Monday, June 25, 2007

A rosemary and red wine sauce

Rosemary is something of a challenge in a vegetarian kitchen. Strongly flavoured, it all too often overpowers subtler ingredients. Rosemary demands your full attention. Her camphor-laced flavour is bitter when used excessively so a considered, disciplined hand is required. While a fleeting hint is delicious, a wallop of the stuff will leave you feeling like you’ve eaten a handful of mothballs.

But she has much to offer. Ancient Greek scholars wore rosemary to improve the memory, their necks garlanded with her long branches. Almost universally she symbolizes remembrance and, of all things, love. An Hungarian friend once returned from a wedding bearing a healthy sprig. ‘If it grows’, she declared, ‘your true love will find you within twelve months’. Romantic stuff. Though it was duly planted, sadly to no avail, I am not one to give up on such fancies quite so easily.

Potatoes, peeled or not, and roasted with whole cloves of garlic and a few healthy sprigs of rosemary are divine; chunks of vegetables skewered onto long stalks, stripped of all but the paintbrush-like tips make great barbeque fare in the warmer months. But, down here at least, winter has firmly taken hold.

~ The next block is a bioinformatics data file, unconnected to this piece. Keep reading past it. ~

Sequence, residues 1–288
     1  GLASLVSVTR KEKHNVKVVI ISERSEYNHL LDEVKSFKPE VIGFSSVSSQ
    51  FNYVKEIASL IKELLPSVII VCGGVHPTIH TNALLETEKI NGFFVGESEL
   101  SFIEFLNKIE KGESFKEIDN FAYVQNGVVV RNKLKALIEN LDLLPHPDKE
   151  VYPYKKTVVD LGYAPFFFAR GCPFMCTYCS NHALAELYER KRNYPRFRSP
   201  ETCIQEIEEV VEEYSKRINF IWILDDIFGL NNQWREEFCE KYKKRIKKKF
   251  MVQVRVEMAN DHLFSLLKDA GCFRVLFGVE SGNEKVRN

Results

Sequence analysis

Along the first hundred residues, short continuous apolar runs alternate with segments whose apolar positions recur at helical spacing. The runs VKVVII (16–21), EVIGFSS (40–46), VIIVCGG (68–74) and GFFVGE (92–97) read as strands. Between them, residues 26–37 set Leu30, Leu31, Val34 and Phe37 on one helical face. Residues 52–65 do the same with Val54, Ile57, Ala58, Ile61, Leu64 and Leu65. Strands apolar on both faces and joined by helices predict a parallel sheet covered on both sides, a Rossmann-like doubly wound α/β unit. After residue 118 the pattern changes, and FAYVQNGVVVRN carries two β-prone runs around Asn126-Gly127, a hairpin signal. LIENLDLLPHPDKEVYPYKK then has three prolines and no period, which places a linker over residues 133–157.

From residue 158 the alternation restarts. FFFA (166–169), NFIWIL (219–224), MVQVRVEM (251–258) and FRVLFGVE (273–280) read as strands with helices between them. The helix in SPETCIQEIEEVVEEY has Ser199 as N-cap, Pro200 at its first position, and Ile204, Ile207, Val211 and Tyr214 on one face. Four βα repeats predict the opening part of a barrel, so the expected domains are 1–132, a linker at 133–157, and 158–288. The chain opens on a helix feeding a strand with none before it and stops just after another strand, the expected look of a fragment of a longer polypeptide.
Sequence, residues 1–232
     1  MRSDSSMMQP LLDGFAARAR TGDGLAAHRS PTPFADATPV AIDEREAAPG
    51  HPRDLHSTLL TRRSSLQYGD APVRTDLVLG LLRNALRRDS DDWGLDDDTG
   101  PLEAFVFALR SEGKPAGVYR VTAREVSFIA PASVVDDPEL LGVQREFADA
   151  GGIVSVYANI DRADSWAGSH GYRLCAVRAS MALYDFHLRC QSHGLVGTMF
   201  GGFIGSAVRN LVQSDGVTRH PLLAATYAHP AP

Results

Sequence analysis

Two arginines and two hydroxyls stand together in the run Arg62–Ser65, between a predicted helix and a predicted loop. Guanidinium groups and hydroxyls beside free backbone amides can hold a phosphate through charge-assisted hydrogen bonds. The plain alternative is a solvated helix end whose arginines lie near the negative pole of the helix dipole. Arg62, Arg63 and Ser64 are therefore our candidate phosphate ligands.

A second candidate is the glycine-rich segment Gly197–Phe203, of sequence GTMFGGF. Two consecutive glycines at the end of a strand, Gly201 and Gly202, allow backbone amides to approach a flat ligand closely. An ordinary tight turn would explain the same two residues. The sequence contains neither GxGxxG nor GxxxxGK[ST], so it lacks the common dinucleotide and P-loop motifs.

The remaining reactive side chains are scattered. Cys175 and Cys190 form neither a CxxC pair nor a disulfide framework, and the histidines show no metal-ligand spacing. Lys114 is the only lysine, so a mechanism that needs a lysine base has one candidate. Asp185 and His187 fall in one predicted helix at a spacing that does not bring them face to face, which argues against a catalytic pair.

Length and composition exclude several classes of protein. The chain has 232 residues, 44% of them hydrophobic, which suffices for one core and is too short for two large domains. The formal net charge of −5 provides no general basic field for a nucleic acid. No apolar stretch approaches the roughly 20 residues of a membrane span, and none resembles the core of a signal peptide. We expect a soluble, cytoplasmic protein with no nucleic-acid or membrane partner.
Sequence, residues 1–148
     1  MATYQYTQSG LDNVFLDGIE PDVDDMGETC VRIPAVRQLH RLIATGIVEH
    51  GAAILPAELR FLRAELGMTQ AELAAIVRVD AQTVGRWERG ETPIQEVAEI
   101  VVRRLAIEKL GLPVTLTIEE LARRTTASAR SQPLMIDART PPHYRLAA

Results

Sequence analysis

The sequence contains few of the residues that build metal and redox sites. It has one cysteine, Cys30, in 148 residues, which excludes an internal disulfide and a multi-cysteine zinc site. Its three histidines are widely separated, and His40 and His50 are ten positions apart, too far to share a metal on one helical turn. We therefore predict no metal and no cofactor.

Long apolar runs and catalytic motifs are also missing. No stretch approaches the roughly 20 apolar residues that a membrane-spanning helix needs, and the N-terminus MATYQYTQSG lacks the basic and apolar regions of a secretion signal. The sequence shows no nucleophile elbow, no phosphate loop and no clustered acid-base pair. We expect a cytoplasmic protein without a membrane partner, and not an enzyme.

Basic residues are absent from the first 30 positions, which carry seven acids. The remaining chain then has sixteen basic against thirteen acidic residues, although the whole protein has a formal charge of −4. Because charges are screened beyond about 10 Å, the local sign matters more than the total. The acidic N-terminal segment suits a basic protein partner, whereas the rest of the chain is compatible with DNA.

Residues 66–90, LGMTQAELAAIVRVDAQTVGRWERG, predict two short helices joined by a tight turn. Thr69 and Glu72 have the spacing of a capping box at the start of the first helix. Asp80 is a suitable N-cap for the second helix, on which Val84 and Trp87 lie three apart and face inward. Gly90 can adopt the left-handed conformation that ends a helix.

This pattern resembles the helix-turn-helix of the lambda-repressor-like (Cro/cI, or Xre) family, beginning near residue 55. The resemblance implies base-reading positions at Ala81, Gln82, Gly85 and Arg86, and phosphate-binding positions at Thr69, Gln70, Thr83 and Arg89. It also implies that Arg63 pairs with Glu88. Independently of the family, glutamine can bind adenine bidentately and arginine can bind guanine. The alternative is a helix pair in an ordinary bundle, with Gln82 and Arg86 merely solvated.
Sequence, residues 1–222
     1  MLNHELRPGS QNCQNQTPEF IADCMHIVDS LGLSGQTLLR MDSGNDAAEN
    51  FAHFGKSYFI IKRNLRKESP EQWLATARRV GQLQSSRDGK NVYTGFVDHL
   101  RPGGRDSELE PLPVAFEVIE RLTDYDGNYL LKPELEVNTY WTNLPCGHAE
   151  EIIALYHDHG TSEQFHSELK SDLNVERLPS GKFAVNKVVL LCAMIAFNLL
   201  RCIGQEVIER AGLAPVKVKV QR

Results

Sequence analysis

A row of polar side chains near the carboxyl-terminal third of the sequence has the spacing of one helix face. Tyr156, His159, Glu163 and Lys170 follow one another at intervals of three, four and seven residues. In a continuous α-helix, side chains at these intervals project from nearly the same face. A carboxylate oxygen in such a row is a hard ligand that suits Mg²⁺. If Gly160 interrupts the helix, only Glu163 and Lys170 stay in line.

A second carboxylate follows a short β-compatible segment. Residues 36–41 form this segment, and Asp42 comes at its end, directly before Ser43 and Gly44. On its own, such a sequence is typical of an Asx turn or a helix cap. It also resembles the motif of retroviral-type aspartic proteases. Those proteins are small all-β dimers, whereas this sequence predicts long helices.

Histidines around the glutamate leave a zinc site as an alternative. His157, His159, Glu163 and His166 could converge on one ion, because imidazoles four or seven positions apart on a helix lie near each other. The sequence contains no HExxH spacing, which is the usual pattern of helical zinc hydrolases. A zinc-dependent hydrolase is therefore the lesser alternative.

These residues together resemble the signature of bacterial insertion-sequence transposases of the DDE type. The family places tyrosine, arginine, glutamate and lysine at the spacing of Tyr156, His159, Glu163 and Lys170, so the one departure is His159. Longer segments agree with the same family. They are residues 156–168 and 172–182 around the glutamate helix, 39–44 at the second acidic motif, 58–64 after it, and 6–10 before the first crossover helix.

The meal (of which this sauce was a part) is too long and complicated to write up in these pages, suffice to say it took all afternoon and much of the early evening. Braised root vegetables (whole shallots, carrots, parsnips and big, earthy mushrooms), a swede and potato mash (made creamy with a spoonful of mascarpone) and perfectly tender Puy lentils, held together by this sauce.


Oh, this sauce.

Enough to make you swoon. Enough to make you pat yourself on the back and marvel at your own culinary genius. We ate silently, slurpingly, appreciatively.

Red wine, porcini and rosemary sauce – adapted from Local Flavours by Deborah Madison

So comforting and good is this sauce that it should prove, once and for all, to anyone doubting the virtues of a meat-free life that vegetarian fare can and does deeply, deeply satisfy.

Small palmful of dried porcini
1 tablespoon of olive oil
1 onion, diced
1 large carrot, diced
2 celery sticks, diced
8 mushrooms, quartered
4 cloves of garlic, smashed with the flat of your knife
1x 5cm (2 inch) sprig of rosemary
2 sprigs of thyme
2 bay leaves
Sea salt
1 tablespoon of tomato paste
2 tablespoons of plain white flour
2 cups (500ml) of good, well-flavoured red wine
1 tablespoon of tamari
1 tablespoon of unsalted butter (optional)

Place the porcini in a bowl and cover with 1 litre of freshly boiled water. Set aside.

Heat the oil in a large soup pot or Dutch oven. Add the vegetables, garlic and herbs. Cook over a medium-high heat, stirring only occasionally, until the vegetables are well browned. This should take you about 20 minutes.